Pen­sion lead­ers be­gin tak­ing on pri­vate eq­uity firms

The Palm Beach Post - - BUSINESS - ©2018 The New York Times

Michael Corkery

Pri­vate eq­uity firms and pub­lic pen­sion funds have long had a sym­bi­otic re­la­tion­ship: The funds sup­ply the firms with bil­lions of dol­lars to in­vest, and the firms de­liver dou­ble-digit re­turns that help the funds sup­port re­tired pub­lic ser­vants.

Now, pen­sion lead­ers are show­ing a new will­ing­ness to con­front pri­vate eq­uity over the hu­man im­pact of its in­vest­ments.

Min­nesota’s pen­sion plan tem­po­rar­ily halted in­vest­ments in one of Toys R Us’s for­mer pri­vate eq­uity own­ers, Kohlberg Kravis Roberts, af­ter hear­ing that 30,000 work­ers laid off amid the re­tailer’s bank­ruptcy had been de­nied sev­er­ance.

A top Ore­gon pen­sion of­fi­cial crit­i­cized the pri­vate eq­uity firm TPG for what he said was its se­ri­ous lack of di­ver­sity, specif­i­cally cit­ing a dis­parag­ing re­mark that one of the firm’s founders had made about women.

And New Jersey’s pen­sion fund moved re­cently to en­sure that pri­vate eq­uity firms with mort­gage in­vest­ments in Puerto Rico were not fore­clos­ing on res­i­dents of the is­land af­ter the havoc caused by Hur­ri­cane Maria.

Pen­sion of­fi­cials said the moves were sound in­vest­ment de­ci­sions that were not driven by pol­i­tics. Ma­jor lay­offs at com­pa­nies owned by pri­vate eq­uity firms can hurt lo­cal economies, where pen­sions are broadly in­vested. A ha­rass­ment scan­dal could dam­age a pri­vate eq­uity firm’s rep­u­ta­tion and, by ex­ten­sion, a pen­sion fund’s in­vest­ment.

Pen­sions have long shunned in­vest­ments un­pop­u­lar with the peo­ple they rep­re­sent, of­ten in broad cat­e­gories like guns and fos­sil fu­els. But in re­cent years, pen­sion hold­ers’ con­cerns have got­ten more spe­cific, and calls for the funds to take stands have in­creased.

“We are hav­ing more con­tact with the pub­lic about these types of is­sues,” said Adam Lieb­tag, the act­ing chair­man of the New Jersey State In­vest­ment Coun­cil. “They are pay­ing closer at­ten­tion. They are fol­low­ing the money.”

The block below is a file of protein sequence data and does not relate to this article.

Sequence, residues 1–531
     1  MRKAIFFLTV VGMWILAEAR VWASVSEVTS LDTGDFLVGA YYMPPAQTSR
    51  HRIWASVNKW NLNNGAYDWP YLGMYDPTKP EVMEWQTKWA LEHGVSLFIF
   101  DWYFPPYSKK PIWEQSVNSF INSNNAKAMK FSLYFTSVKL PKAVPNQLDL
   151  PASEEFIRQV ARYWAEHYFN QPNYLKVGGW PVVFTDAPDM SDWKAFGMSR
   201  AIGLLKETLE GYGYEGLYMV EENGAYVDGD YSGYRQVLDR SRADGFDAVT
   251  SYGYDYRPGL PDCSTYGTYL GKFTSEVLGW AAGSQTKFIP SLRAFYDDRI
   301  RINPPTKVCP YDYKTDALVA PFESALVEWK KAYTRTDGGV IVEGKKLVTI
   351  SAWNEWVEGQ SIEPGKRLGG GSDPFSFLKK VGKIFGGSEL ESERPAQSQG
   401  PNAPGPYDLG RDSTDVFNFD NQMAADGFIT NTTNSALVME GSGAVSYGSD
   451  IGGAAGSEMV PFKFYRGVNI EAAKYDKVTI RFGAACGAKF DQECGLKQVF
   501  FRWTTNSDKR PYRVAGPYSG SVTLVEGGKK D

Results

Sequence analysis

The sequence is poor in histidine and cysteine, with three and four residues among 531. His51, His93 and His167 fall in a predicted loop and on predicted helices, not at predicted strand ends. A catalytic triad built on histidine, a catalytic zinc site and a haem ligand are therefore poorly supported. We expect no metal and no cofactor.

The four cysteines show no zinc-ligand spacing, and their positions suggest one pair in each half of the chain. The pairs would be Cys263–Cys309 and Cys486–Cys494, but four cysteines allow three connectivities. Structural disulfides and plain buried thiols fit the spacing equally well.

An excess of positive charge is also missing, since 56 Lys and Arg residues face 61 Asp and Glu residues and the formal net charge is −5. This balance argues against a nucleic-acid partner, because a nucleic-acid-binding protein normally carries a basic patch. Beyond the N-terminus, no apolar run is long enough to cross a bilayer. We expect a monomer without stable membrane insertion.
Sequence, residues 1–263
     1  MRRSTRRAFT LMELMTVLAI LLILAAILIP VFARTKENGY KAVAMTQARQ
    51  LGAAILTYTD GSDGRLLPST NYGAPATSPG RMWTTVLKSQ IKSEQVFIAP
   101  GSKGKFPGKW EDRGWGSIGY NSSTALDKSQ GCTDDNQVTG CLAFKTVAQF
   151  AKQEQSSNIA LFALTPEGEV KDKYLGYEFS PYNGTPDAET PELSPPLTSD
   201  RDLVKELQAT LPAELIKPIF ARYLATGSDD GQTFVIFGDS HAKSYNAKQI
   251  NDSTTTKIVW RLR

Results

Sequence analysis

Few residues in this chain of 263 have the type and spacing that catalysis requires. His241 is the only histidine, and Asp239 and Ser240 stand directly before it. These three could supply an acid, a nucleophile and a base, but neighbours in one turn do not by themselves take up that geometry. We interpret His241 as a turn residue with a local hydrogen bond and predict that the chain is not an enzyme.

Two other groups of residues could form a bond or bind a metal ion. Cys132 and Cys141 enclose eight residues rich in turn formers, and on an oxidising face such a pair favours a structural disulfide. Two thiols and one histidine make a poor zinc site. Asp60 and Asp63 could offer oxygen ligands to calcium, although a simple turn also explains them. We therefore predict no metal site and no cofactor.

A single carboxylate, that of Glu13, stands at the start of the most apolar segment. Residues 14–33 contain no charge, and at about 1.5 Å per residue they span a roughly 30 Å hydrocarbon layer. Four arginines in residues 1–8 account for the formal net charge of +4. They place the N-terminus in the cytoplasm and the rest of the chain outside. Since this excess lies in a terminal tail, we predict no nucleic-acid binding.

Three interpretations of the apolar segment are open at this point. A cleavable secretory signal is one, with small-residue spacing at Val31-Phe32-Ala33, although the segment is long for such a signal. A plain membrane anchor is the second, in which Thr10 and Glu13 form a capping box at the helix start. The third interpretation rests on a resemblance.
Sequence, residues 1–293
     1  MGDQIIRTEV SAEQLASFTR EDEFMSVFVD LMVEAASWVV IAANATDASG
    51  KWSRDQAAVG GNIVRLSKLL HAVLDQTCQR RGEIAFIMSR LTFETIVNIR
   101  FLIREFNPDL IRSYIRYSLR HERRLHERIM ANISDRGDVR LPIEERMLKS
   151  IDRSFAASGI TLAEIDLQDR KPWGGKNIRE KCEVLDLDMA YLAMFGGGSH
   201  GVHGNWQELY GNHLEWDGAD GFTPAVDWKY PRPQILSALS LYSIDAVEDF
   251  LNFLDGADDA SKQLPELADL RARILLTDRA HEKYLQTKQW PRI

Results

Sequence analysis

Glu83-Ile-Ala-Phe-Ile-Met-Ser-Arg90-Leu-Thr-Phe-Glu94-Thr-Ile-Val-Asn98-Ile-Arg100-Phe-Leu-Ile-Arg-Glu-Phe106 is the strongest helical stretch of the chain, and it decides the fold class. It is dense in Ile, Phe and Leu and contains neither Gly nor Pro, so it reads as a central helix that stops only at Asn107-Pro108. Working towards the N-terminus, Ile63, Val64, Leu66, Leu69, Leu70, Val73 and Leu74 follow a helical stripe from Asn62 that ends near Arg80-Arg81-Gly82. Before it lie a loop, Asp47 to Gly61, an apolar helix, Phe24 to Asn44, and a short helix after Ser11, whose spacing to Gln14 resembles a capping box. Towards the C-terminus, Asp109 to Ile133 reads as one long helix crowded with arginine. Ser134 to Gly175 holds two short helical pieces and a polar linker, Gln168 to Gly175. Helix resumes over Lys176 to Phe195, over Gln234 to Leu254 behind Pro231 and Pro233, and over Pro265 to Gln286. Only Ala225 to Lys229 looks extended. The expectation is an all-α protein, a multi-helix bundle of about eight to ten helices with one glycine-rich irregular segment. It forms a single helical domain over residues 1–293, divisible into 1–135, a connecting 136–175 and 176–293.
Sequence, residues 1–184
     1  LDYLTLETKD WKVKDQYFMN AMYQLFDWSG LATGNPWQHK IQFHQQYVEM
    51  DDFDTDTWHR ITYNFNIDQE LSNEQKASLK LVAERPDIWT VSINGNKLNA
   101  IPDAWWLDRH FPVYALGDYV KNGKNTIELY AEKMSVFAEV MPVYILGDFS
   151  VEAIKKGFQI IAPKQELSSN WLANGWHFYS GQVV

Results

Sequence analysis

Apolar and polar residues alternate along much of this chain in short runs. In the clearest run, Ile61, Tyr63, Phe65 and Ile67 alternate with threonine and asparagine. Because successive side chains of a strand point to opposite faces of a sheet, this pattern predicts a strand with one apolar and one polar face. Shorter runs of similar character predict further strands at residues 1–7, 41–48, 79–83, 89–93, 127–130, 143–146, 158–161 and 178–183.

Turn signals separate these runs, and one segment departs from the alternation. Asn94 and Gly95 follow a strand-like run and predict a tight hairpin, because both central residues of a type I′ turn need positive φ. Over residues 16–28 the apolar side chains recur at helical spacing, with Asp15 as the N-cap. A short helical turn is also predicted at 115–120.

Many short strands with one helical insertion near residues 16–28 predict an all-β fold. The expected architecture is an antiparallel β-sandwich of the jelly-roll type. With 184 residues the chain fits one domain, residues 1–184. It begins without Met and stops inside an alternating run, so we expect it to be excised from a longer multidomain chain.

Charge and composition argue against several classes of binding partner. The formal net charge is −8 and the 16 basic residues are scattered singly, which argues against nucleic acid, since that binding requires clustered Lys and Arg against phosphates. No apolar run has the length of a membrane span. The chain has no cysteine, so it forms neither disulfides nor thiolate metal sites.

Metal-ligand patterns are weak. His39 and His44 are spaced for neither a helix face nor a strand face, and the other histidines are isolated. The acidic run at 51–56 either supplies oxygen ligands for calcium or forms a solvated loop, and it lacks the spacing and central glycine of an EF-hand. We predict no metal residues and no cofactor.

New Jersey is a hot­bed for so­cial con­cerns over pen­sion in­vest­ments. In ad­di­tion to vot­ing to more closely mon­i­tor firms un­der the mora­to­rium on fore­clo­sures in Puerto Rico, the state re­cently pulled money out of a pri­vate eq­uity firm that had ac­quired a so-called pay­day len­der.

“It’s a bal­anc­ing act every time these sit­u­a­tions arise,” Lieb­tag said.

The at­ti­tudes ex­pressed by pri­vate eq­uity in­vestors are also at­tract­ing scru­tiny.

In June, John Rus­sell, vice chair­man of the Ore­gon In­vest­ment Coun­cil, said sex­ist re­marks that David Bon­der­man, a TPG founder, had made in his ca­pac­ity as an Uber board mem­ber were “part of the be­hav­ior that ba­si­cally crip­pled the brand.”

“I would at­tribute that in part to lack of di­ver­sity,” Rus­sell said, ac­cord­ing to a record­ing of his re­marks.

A TPG spokesman said in a state­ment that the firm was “com­mit­ted to be­ing a leader in ad­vanc­ing di­ver­sity and in­clu­sion in the in­dus­try.”

“Our in­vestors are our part­ners, and we wel­come dis­cus­sion of how TPG and the in­dus­try need to im­prove,” the state­ment con­tin­ued. (Bon­der­man apol­o­gized for his re­marks last year and re­signed from the Uber board.)

To­day, about 35 per­cent of pri­vate eq­uity’s money comes from pub­lic pen­sions, ac­cord­ing to Pre­qin, a data firm.

Pri­vate eq­uity has con­tin­ued to pro­duce high re­turns, but the in­dus­try faces re­sis­tance to its high fees and profit-shar­ing. Some large pen­sion funds are start­ing to make more in­vest­ments di­rectly and cut­ting out pri­vate eq­uity firms en­tirely.